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At Valley Invicta Primary School at Holborough Lakes, we believe that it is every child’s right to be able to access the world around them through the medium of language. As such, we promote high standards of language and literacy by equipping pupils with a strong command of the spoken and written word, enabling them to listen, speak, read and write confidently for a wide range of purposes throughout their school years and beyond. We recognise that it is important to cultivate an enthusiasm and appreciation for literacy and aspire to do so by ensuring real-life and cross-curricular learning experiences.
You can also visit the Book Trust website for some great tips around reading with your child.
Information coming soon!
Information for parents
Accelerated reader is a system used by the school to encourage the development of reading skills. Elements for reading success using Accelerated Reader
1. Determine reading level - Children take a short reading test, the result if which determines the current reading ability and suggests a range of book levels. This will provide children with books that will keep them challenged without causing frustration.
2. Book selection - Once the children know their reading range, they are able to choose books within the range that interest them from the books available in our library.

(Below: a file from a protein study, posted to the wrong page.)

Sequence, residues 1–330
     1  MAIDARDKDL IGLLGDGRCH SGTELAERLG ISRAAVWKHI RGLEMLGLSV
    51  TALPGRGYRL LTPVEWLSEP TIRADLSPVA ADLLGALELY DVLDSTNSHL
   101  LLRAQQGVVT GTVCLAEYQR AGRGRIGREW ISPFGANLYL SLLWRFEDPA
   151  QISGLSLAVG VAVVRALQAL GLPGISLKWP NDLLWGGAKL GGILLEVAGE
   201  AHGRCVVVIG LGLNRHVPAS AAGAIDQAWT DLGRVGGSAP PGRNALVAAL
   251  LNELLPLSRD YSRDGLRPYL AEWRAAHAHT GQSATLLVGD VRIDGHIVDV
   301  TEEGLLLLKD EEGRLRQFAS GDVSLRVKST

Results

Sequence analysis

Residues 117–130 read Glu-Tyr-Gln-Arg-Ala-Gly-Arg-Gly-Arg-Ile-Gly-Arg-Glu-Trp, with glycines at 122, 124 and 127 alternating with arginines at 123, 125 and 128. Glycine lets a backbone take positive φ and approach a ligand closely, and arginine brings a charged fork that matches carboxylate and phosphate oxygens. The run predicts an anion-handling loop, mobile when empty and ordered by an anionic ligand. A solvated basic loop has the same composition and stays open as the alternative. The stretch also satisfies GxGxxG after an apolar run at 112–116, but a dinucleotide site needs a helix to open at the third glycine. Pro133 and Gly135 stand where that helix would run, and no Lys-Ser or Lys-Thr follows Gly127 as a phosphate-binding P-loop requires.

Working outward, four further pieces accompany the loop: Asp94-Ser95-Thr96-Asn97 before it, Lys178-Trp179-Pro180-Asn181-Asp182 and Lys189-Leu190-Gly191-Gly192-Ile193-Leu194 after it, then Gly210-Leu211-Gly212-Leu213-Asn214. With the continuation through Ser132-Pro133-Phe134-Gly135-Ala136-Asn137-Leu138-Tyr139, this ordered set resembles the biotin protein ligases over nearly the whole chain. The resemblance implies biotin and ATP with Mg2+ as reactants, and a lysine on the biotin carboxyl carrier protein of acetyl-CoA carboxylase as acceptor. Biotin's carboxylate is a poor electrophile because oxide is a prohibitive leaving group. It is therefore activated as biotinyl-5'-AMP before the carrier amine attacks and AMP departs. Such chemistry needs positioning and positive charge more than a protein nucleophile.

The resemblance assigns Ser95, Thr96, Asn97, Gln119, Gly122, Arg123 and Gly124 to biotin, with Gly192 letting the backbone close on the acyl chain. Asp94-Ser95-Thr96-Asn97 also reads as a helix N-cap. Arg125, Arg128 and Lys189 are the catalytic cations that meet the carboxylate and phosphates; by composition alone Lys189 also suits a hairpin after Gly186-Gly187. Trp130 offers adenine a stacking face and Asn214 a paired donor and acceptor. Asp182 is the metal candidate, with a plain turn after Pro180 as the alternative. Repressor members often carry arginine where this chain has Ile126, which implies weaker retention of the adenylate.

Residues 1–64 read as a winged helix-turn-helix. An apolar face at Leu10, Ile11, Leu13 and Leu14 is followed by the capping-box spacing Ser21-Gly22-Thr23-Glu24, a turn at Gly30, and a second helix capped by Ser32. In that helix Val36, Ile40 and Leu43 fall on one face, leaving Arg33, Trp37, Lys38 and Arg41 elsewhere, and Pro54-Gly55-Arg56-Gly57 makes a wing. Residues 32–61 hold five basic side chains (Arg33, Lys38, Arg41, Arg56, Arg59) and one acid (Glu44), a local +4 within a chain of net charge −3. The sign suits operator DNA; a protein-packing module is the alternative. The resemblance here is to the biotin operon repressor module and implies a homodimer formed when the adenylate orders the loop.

3. Taking the AR quiz - Once children have read their book and are fully comfortable with the content, they are able to take online comprehension quiz or vocabulary test. Once the quiz has been completed the children receive instant feedback on how they have done, including the opportunity to review inaccurate answers. To pass a test children need to achieve 60% accuracy?
4. Target setting - Each child is set a target to aim for. As these are achieved they receive online awards as well as physical certificates to show their progress.
Children's reading achievements are celebrated within the school in many ways, including classroom displays to track and show progress, to the issuing of Ready Reader certificates during weekly celebration assemblies.
For more information, please follow the link below:
What is Oracy?
Oracy is the ability to express yourself clearly and communicate with others effectively through spoken language.A key part of oracy is for children to think carefully about the language they’re using, and tailor it to their subject, purpose and audience. For example, a Year 6 pupil should understand that they need to use simpler words and sentence structures when explaining the rules of a game to a Reception child than they would if they were with their peers.
Oracy involves embracing different speaking skills, such as:
- Discussion: exchanging ideas with others
- Instruction: telling someone what to do, or explaining facts
- Dialogue: having a conversation with someone, listening and showing an interest in what they say
Oracy isn’t, however, just about being a good talker – or talking lots. It also includes listening to others, and responding appropriately. So much in life depends on being a good communicator, so it’s vital that children learn the importance of oracy from a young age.
‘Good communication and language skills support children’s ability to learn, think about and understand the world, and interact with others,’